Forget More Regulation: Make Corporations Serve the Public Interest
The purely private-purpose corporation is an illegitimate entity. This is the elephant in the room that no politician dare mention.
My previous column called for a major restructuring of both governmental and corporate institutions to strengthen democracy and subordinate corporate power and the pursuit of corporate profits to the power and interests of living people and communities.
I was a youth during the brief historical anomaly that occurred after World War II. Most major corporations that conducted business in the United States were still headquartered here, paid their taxes here, and provided secure long-term employment with good pay and benefits. Unions were strong and there was a recognized social contract between corporations and workers.
As described in my previous column, I witnessed the process of corporations walking away from this contract to advance a systematic process of colonizing the world’s peoples and resources under corporate rule. For more than 20 years, I have been pointing out that to have a world that works for living people, the interests of living communities must take priority over maximizing corporate profits. That means corporations must be accountable to governments and governments must be accountable to people — real people.
The purely private-purpose corporation is an illegitimate entity. This is the Elephant in the Room that no politician dare mention.
As a private person, I am free to do business as a sole proprietorship or partnership in pursuit of purely private interests and free to engage in politics for so long as I observe the law. A corporation, however, is different. It is a creation of government.
Government is a public entity bound to serve the public interest. It seems logical that any entity created by government is properly considered a public entity accountable for serving a public purpose, obeying the law — and obliged as a public entity to stay out of electoral politics.
As was the case in the early United States, every corporation should have a public purpose stated in its charter and be accountable to the government authority that issued its charter for being true to that purpose.
The lack of corporate accountability is amplified when a corporation sheds its allegiance to any place, person, or public interest.
The lack of corporate accountability is amplified when a corporation sheds its allegiance to any place, person, or public interest. It may be chartered in the United States, park its profits in Bermuda to avoid taxes, contract with sweatshops in Bangladesh, sell its products in France, and be a subsidiary of a parent corporation headquartered in Brazil. In effect, it is stateless and operates as a power unto itself, and has no concern for the interests of any people or place.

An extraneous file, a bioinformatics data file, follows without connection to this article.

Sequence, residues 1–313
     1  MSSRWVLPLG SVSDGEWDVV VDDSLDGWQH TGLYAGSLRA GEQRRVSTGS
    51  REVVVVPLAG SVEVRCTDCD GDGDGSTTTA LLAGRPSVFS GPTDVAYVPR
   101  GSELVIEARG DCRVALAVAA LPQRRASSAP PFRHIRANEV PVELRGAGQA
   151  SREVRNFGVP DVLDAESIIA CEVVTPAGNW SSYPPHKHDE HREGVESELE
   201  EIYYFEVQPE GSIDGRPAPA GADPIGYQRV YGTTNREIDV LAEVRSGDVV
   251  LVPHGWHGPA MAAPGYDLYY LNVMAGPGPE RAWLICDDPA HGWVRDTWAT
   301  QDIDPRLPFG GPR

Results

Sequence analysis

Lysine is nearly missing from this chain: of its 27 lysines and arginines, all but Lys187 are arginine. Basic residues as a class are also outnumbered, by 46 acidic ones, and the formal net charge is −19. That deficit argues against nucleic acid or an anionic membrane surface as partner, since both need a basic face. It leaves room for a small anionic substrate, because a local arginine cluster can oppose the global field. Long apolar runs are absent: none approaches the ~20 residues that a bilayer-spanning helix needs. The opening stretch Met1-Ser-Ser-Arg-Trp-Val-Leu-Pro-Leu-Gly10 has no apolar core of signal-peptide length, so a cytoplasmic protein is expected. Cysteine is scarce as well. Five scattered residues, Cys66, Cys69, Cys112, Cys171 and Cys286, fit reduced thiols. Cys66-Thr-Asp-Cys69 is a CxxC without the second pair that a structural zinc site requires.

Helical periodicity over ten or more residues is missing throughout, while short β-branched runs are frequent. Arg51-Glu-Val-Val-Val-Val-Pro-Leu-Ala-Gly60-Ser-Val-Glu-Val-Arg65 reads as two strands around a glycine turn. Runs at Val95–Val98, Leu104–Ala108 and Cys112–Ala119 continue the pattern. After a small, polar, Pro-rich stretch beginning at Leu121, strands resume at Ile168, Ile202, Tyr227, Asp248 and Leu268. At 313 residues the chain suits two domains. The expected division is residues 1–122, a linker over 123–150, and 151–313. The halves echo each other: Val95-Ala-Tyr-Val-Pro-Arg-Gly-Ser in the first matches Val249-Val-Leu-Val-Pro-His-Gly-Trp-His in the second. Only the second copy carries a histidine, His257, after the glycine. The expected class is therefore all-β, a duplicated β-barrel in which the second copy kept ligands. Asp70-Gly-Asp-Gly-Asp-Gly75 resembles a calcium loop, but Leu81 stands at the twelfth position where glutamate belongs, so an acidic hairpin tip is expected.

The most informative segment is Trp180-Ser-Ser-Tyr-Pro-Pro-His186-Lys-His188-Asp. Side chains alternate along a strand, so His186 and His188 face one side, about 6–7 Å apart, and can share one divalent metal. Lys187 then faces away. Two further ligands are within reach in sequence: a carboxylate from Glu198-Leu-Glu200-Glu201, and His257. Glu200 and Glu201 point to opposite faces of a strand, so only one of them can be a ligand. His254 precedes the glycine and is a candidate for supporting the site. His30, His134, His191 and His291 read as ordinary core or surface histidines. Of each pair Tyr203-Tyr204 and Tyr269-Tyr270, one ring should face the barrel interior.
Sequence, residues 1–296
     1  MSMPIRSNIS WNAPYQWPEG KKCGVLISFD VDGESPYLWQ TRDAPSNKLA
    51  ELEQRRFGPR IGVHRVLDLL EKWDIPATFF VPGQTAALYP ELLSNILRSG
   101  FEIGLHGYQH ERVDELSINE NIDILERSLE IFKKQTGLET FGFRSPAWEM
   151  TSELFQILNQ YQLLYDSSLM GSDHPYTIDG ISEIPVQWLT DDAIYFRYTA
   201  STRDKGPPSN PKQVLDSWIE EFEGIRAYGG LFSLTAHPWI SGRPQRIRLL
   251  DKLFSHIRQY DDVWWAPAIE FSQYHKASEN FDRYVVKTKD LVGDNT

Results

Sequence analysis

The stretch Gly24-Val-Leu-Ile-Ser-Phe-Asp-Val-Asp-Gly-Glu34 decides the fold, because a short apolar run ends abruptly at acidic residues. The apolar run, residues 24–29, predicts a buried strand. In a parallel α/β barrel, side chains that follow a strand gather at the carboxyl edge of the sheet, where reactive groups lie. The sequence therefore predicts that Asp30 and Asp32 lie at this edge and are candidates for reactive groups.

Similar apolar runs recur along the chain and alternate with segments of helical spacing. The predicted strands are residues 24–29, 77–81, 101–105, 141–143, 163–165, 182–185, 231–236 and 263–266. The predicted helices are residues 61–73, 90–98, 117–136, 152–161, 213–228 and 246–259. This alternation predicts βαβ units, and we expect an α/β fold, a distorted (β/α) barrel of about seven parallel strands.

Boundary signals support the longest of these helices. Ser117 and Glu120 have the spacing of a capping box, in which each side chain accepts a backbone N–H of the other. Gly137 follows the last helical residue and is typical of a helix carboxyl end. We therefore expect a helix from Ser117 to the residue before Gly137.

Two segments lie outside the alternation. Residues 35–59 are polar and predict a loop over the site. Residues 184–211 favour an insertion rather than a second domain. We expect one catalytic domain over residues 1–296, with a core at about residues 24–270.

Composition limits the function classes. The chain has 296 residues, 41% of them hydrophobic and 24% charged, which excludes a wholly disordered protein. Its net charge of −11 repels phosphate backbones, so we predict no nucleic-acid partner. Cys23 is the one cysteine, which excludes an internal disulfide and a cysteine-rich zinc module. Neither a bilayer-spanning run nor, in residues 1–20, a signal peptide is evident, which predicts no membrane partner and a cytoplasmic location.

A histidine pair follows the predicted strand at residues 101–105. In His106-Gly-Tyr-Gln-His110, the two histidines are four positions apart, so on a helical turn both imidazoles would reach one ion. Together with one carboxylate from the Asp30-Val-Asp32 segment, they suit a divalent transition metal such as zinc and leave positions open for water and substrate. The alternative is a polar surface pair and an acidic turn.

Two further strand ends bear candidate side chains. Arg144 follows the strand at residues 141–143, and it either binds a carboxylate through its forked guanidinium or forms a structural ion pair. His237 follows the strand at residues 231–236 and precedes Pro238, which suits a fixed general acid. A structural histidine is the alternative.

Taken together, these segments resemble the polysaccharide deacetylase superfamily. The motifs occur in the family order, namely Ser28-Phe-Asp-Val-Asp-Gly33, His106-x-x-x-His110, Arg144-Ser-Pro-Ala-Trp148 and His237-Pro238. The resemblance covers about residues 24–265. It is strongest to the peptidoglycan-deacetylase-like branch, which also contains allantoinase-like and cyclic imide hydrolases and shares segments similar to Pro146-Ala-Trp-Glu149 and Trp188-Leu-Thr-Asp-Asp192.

The idea that a corporation chartered in one country has an automatic right to do business in another is odd indeed. As a private citizen, I don’t have a right to visit another country without its express permission, much less to locate a business facility there. I’m also obligated to pay taxes and obey the law wherever I am. A corporation, as an artificial legal entity, is surely entitled to no greater rights or lesser obligations than a flesh and blood person.
Every corporation needs both a public purpose and a national identity. This need is obscured by the common practice of referring to transnational corporations as multinationals — implying they are national everywhere. Similarly, referring to any corporation that sells its share in a public exchange as a “public” corporation implies it has a public purpose even though we may recognize on reflection that it is purely profit-driven.
By the fundamental premise of democracy, it is the sovereign right — and obligation — of We the People to demand that stateless corporations be broken up and the pieces restructured as national public-purpose legal entities prohibited from engaging in electoral politics and each owned by and accountable to living people who are citizens of the country in which it is chartered to do business.
We might then have a global economy organized by and for living communities rather than by and for incorporated pools of financial assets. Freed from subservience to corporate interests, these communities would be free to cooperate for the common good rather than forced to compete for corporate favor.
In my next column, I will look at what this would mean for relationships among national economies in a living Earth global economy.